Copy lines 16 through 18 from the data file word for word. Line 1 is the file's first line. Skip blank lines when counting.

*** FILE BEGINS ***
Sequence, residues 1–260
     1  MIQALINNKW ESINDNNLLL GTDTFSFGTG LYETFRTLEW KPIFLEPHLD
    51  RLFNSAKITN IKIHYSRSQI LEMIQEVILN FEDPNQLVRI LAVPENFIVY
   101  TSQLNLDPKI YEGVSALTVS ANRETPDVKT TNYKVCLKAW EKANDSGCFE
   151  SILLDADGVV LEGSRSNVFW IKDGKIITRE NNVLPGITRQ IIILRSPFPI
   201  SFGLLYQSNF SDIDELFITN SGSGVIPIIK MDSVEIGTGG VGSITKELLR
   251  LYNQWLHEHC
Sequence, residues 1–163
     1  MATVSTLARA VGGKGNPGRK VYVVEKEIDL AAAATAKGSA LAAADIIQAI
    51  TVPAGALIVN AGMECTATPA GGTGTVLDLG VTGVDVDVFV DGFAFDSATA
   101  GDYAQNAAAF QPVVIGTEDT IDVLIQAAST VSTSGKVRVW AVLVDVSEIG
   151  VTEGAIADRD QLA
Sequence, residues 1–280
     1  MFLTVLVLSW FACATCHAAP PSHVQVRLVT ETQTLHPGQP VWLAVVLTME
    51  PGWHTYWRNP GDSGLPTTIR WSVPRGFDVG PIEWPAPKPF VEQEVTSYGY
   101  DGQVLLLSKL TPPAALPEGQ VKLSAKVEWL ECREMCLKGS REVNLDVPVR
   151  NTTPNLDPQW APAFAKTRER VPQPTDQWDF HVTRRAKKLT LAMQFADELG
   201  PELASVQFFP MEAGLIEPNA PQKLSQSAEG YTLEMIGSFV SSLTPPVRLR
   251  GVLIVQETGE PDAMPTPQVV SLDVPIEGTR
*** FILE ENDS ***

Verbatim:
   101  DGQVLLLSKL TPPAALPEGQ VKLSAKVEWL ECREMCLKGS REVNLDVPVR
   151  NTTPNLDPQW APAFAKTRER VPQPTDQWDF HVTRRAKKLT LAMQFADELG
   201  PELASVQFFP MEAGLIEPNA PQKLSQSAEG YTLEMIGSFV SSLTPPVRLR